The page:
Enhancing your hunting photography game in the field
Before hunting, I wasn't the biggest fan of photography. I acknowledged the art behind it, but never really wanted to take part in it. As fate would have it, that all changed when I met my wife and she started heading outside with me. You see, she is actually a professional wedding photographer, which means that I almost didn't have a choice to take more of an interest in the subject. The more time I spent with her outdoors and the more I saw the images she would bring home, I soon began snapping photos of my own. We see some amazing things out on these hunts and, now, it almost doesn't make sense to me to not photograph it and photograph it well. I remember looking back on old hunting photos and thinking, "Man, these look like crud!" We get one chance to capture these memories, which means that it's important to make sure they look halfway decent.
Learn about your camera
The first thing we have to do should be a no brainer; however, there are many people who don't take the time to actually learn how to use their camera. They turn it on, put it on the automatic setting and start snapping pics. This is fine for quick photos on the go; however, if you want to really up your game, take the time to understand your camera. My wife highly encouraged me to learn how to operate my camera in manual mode. In the beginning, it was much more frustrating trying to remember what everything did. Afterwards, though, I felt so much more confident in creating a quality image. The three settings that you should focus on is the aperture, shutter speed, and ISO. You should know how to manipulate an image using those settings because they will let you have full control over how your picture turns out in any given situation. Do you want everything to be sharp and in focus? Is it low light? Maybe you want that "bokeh" look we are all so naturally drawn to? I'm not telling you that you have to have a degree in photography, but, by learning these basics, your images will be much better as well as your personal satisfaction.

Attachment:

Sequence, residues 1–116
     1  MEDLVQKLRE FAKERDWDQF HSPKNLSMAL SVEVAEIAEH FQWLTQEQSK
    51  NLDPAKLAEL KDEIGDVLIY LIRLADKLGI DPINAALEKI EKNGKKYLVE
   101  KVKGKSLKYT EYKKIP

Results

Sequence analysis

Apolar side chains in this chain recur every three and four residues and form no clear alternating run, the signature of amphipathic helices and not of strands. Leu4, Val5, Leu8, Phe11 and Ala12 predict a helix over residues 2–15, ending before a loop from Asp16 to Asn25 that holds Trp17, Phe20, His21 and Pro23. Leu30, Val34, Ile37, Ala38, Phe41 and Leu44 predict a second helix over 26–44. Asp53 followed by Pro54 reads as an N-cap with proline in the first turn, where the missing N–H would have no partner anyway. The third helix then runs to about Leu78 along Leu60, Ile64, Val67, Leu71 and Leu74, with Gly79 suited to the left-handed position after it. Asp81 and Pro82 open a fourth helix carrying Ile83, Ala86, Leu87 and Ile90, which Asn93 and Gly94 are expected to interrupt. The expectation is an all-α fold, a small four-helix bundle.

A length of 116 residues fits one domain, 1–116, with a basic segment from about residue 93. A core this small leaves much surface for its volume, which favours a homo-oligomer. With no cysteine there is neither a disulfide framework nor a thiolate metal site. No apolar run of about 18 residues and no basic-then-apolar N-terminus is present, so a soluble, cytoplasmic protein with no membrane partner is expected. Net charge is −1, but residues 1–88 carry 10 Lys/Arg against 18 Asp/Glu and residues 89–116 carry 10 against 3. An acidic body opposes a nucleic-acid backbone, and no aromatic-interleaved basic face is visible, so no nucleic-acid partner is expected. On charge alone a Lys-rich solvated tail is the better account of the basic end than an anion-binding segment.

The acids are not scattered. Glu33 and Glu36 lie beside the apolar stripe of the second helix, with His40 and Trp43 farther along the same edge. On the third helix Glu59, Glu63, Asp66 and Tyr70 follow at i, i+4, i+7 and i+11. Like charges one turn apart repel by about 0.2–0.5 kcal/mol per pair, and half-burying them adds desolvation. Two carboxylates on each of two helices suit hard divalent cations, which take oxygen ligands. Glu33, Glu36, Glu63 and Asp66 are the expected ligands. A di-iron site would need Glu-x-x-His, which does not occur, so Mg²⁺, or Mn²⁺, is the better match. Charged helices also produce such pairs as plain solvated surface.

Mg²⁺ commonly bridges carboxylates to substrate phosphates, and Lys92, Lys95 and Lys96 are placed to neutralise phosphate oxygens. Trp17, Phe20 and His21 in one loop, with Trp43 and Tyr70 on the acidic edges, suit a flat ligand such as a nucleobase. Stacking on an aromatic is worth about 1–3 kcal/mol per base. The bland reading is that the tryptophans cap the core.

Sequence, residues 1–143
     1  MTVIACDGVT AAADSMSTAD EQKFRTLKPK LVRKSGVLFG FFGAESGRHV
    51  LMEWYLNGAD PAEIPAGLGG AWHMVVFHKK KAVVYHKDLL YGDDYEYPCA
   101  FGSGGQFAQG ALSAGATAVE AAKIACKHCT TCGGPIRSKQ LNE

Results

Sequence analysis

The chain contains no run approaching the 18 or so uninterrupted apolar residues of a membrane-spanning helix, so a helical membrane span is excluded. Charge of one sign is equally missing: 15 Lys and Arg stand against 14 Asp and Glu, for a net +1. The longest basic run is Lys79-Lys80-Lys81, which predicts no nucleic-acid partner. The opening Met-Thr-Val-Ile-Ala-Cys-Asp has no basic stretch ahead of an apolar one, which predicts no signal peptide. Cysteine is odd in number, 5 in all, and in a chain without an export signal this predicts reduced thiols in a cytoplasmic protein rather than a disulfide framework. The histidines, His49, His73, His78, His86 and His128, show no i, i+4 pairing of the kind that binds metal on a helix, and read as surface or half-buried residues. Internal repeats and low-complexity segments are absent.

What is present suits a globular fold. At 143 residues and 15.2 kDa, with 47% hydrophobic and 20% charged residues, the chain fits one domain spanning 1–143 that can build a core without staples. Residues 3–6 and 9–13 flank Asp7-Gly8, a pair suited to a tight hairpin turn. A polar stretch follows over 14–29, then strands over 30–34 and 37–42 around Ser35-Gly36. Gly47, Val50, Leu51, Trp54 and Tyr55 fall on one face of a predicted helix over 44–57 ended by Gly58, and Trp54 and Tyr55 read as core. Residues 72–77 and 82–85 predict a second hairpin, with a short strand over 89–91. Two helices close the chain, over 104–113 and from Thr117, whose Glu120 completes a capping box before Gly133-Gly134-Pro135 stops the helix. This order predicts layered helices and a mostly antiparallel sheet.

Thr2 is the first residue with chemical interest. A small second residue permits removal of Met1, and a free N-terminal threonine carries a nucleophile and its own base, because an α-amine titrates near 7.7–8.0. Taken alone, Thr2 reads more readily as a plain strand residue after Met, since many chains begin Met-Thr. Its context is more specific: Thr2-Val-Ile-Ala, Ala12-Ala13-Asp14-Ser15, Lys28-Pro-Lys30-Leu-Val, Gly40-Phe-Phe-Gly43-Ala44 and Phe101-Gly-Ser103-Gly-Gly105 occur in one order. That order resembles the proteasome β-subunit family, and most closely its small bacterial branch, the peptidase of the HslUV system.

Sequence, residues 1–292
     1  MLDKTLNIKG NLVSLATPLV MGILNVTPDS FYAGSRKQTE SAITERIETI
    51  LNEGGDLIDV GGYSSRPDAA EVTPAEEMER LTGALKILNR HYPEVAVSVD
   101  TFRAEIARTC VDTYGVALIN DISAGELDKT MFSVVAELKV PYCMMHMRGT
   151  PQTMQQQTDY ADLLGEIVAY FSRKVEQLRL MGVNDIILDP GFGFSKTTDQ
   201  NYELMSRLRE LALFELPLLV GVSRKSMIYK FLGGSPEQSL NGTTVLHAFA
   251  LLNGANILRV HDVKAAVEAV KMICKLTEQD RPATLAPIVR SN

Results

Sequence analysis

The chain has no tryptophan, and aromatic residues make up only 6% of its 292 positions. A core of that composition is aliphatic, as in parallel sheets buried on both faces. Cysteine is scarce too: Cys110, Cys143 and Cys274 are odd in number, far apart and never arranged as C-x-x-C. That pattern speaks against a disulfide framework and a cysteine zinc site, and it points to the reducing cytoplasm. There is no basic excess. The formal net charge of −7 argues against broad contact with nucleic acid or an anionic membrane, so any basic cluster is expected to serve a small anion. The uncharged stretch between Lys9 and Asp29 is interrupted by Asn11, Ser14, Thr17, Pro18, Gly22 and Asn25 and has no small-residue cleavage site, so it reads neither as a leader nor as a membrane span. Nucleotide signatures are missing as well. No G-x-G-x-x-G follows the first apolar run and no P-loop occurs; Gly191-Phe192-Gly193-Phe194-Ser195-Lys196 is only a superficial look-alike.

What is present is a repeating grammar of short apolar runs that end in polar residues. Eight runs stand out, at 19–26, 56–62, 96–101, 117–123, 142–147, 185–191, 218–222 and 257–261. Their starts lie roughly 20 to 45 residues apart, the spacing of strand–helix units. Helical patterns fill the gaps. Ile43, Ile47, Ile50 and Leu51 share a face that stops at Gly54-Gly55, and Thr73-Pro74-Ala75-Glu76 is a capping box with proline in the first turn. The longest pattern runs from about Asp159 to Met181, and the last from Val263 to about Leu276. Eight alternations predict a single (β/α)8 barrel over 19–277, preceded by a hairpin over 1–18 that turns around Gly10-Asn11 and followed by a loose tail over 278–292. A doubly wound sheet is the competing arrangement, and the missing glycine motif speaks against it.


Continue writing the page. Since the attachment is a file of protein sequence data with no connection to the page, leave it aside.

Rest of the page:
Actually have your camera out and at the ready
I will admit that when I first started carrying a camera around, it was where it shouldn't be: it was inside of my backpack. Kind of hard to take photos there. During those early days of photography, I missed out on so many cool opportunities to take photos; it kind of makes me cringe a little. When I was out and about, I'd see something and think to myself, "Man, that would make a cool photo." Did I stop to take off my pack and get my camera out though? No. I had things to do and places to be out there. So I started carrying a small mirrorless camera in the waist pouch of my backpack. This gave me easy access to it without having to take off my pack. My SD cards soon started filling up once I decided to carry it this way. After that, I purchased a super cool little clip from Peak Design. The clip attaches to the shoulder strap of my pack and my camera clips right onto it and locks in place. Now I have my camera out at all times and I can also shoot my bow with the camera attached. If it is going to rain, then I will just put the camera in my pack within a Ziploc bag.